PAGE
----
The Junior Engineering Engagement Programme

The facilities management industry has an image problem that we want to change. People don’t know about the opportunities it offers, or they think it’s all oily rags and no prospects. This couldn’t be further from the truth!

As an industry, we’re seeing the impact of these negative ideas. There’s an acute lack of new talent and a growing skills gap across the board, which we can’t expect to change if we don’t do anything to help. Which is why we started our Junior Engineering Engagement Programme (J.E.E.P.).

Now in its third year, the J.E.E.P. will be taught in early secondary classrooms across the country, engaging students with the principles of facilities management and engineering. Experiments, group activities and sustainability projects are just part of the immersive syllabus, not to mention a behind-the-scenes field trip at an FM location around the country.

We hope that throughout the programme, students will learn what a career in these industries can look like and that it can be one full of opportunity and success. Good luck to all J.E.E.P. students taking part in this exciting journey!

We are determined to change the face of mechanical and electrical engineering in the UK; to inspire and establish a new and enthusiastic generation of young talent; and to put the UK back on the international map as an engineering centre of excellence.

Our Mission Statement

Foreword from Adam Baker

Adam Baker, Director at ABM UK

We’re delighted to be in a position where schools across the country are interested in the J.E.E.P. initiative and to be working with triple the number of students in comparison to our pilot year.

However, in order to change perceptions, we need to make the programme scalable. That’s why we will be making the programme available to teachers all over the country so they can implement it themselves, with our support.

Research which we conducted in our pilot year brought to life just how big the perception problem is that our industry is facing; for example, we found that over a third of parents don’t know what an apprenticeship is and a further third see apprenticeships as a last resort for young people who fail exams.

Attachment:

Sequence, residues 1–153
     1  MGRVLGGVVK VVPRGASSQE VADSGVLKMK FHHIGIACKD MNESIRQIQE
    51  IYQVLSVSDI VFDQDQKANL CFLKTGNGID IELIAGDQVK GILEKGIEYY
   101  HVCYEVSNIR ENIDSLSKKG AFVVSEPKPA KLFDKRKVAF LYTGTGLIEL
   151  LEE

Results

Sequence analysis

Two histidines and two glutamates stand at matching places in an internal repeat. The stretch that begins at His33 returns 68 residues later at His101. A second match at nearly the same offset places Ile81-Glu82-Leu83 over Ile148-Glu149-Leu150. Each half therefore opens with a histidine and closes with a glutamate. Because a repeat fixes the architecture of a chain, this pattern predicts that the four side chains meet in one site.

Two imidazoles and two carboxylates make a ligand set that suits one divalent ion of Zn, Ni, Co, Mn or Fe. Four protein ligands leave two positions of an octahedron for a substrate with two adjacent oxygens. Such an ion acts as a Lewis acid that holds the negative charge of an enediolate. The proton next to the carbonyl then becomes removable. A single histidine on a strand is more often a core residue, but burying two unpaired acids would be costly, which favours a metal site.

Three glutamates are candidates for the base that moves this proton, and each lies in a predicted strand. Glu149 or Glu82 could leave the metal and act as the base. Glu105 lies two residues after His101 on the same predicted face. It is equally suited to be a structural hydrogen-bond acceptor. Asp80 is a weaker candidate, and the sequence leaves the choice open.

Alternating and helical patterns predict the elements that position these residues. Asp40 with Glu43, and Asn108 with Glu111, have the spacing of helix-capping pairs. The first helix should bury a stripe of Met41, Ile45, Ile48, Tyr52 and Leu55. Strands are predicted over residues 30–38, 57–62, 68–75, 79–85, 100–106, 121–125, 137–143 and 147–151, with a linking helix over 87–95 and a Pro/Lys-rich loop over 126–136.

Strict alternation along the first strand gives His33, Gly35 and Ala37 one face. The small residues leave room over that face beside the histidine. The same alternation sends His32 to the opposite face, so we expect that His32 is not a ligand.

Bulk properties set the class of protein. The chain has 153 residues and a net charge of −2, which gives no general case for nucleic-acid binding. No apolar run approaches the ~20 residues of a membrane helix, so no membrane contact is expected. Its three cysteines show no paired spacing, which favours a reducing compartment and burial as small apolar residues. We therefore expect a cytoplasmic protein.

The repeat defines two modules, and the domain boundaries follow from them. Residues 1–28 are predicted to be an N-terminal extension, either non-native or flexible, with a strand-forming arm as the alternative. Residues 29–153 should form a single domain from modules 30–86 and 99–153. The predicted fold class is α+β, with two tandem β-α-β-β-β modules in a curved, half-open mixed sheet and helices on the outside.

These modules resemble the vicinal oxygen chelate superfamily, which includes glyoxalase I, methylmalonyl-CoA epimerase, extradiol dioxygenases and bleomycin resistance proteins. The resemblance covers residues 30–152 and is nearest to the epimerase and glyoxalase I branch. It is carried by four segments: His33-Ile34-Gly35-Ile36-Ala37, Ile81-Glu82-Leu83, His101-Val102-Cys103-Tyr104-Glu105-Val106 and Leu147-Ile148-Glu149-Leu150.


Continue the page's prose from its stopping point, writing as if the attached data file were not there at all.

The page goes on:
However, the J.E.E.P. pilot proved that there is an appetite for programmes like this and that the young people involved are open to learning about new industries and alternative paths to success, other than just university.

ABM UK’s report told us that just 16 per cent of young people considered technical roles to be ‘for boys’, but we know that 89 per cent of the UK’s current engineering workforce is male. That means that for 84 per cent of young people, a gender barrier has been crossed and that engineering and facilities management is well positioned to set the standard for better balance in the future. To make this happen we need to leverage the influence that parents and teachers have by giving them the right information.

University is often publicised as the ‘only’ route but this is not true. Apprenticeships are a fantastic viable alternative, which allows young people to earn while they learn and then, often before they are 20 years of age, have debt-free foundations from which to build a solid, well-paid career. For many, this is the perfect route to a fulfilling and successful career – not enough people know about the breadth and availability of apprenticeships.

Dr Anne-Marie Imafidon.
Advocate of ABM UK’s J.E.E.P. programme, Stemettes co-founder and CEO.

Want to be a part of the J.E.E.P.? If you are interested in being part of our Junior Engineering Engagement Programme, please get in touch!

Interested in an apprenticeship at ABM UK? If you are keen to explore what ABM UK can offer you as part of our apprenticeship scheme please get in touch

Join the conversation!

Participating Schools

Brentside High School

Oak Wood School

Northolt High School

Bradford Forster Academy

Abraham Moss Community School

Beckfoot Thornton

Royds School

Manchester Health Academy

Barnhill Community High

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